Resources/For more information:

http://www.huffingtonpost.com/adam-winkler/when-the-nra-promoted-gun_b_992043.html

http://www.theatlantic.com/magazine/archive/2011/09/the-secret-history-of-guns/308608/2/

http://www.sfgate.com/opinion/article/NRA-took-hard-right-after-leadership-coup-3741640.php

Youth Violence: Normal Rebellion, Mental Illness, or Both?

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Most would argue that youth violence is becoming a growing concern in today’s society. A recent study by Jennifer Wareham and Denise Paquette, published in the Criminal Justice and Behavior Journal, explored whether or not youth are just being defiant, or if they also may suffer from some sort of mental health problem.

Wareham and Paquette hypothesized that mental health problems, those listed in the Diagnostic and Statistical Manual of Mental Disorders (DSM), would be linked to violence frequency among adolescents. Wareham indicated, “The co-morbidity of mental health problems and antisocial behavior (e.g., delinquency) presents a serious challenge for treatment and prevention initiatives.  We hope that our work contributes to the growing body of research that is helping to elucidate the link between mental health problems and delinquency and inform public policy.” They also hypothesized that mental health problems would intensify the effects of other risks on violent behavior.

Wareham and Paquette did find that mental health problems were associated with violence in adolescents.  Wareham states, “This effect remains significant even when controlling for a variety of individual demographic characteristics, prior violent offending, peer problems, family problems, and neighborhood conditions.”  With this link, it is important that those teens that exhibit oppositional defiant behaviors see a professional who can help address these concerns, possibly preventing violent behaviors from becoming serious matters.

The DSM is the resource that psychologists and other mental health professionals use to help diagnose mental illnesses. Though the DSM-5 was released in May of 2013, the DSM-IV was used for this research.

It is normal and healthy for adolescents to rebel against their parents a times, but most will not complete violent acts due to wanting to be “independent.”  Wareham states, “Certainly, not all youth demonstrating oppositional defiant problems will become violent, but, on average, such youth are at risk of demonstrating future violent behaviors.  This means it is important to direct youths experiencing such problems to professional persons and resources to adequately address the underlying issues associated with oppositional defiance and aggressive behaviors.” Parents and other professionals should keep a close eye on this to ensure that adolescents are getting the proper help they need when dealing with mental health issues.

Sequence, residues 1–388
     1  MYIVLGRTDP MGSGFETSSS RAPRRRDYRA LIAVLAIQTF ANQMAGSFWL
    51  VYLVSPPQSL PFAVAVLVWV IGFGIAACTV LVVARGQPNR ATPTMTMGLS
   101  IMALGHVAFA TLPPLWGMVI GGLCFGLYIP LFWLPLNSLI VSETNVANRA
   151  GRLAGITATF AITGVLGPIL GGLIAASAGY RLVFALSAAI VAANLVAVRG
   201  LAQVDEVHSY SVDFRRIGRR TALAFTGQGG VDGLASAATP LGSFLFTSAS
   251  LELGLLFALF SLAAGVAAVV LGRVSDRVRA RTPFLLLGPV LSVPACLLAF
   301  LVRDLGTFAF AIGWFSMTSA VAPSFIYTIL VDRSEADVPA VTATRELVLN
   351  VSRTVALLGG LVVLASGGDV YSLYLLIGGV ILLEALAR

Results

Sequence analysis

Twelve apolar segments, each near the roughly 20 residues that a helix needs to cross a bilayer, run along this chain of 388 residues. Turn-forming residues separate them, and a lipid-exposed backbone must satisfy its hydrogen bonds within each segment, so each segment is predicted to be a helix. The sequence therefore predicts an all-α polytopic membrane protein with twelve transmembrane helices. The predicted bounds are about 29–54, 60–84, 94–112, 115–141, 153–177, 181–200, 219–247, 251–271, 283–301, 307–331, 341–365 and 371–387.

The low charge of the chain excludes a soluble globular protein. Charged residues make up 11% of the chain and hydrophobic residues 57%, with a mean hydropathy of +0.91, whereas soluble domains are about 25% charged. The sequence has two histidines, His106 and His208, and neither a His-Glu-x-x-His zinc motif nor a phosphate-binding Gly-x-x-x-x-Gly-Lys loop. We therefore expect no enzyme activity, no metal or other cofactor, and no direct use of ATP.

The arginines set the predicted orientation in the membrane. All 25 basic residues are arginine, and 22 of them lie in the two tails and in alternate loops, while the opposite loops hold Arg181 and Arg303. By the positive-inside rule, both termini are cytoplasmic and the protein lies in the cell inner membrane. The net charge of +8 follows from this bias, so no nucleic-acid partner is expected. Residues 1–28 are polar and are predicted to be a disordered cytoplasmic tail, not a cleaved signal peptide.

By KaNisha Flemming
KaNisha is a double major in Psychology and Human Development who plans on graduating in Spring of 2014. She then plans on attending graduate school to earn a Masters in Counseling and hopes to work in the prison system or with juvenile delinquents.

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Dr. Jennifer Wareham is an Associate Professor in the department of Criminal Justice at Wayne State University in Detroit, MI.  She possesses a doctorate degree in criminology from the University of South Florida.  She can be reached at jwareham@wayne.edu

Dr. Denise Paquette Boots is an Associate Professor in the program in Criminology at the University of Texas at Dallas, TX.  She possesses a doctorate degree in criminology from the University of South Florida.  She can be reached at deniseboots@utdallas.edu

Fact-Check: More Deaths from Gun Violence than from War?

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True (but with one caveat).

This picture, put out by the Obama administration, has been floating around the internet for awhile now.  The fact, though, did not originate with the Obama administration but with Mark Sheilds, a PBS commentator back in 2012.  The statement has actually been fact-checked before by PolitiFact.com, a project of the Tampa Bay Times, which compiled a list of total deaths from all American Wars, as well as deaths by gunfire from 1968 to 2011. Their sources include the Congressional Research Service, The Centers for Disease Control and Prevention, and the FBI (you can read that article here).

The conclusion: the statement is true but with one caveat. Approximately 1.2 million deaths have occurred in all American wars, as opposed to 1.4 million gun deaths. The one caveat is that the data includes suicides and accidental gun deaths which some may not consider “gun violence.”  This is noteworthy because the original statement from Mark Sheilds used the term “gun fire” rather than “gun violence.”  That language was changed for this picture and it’s fair to say that it makes the statement less honest.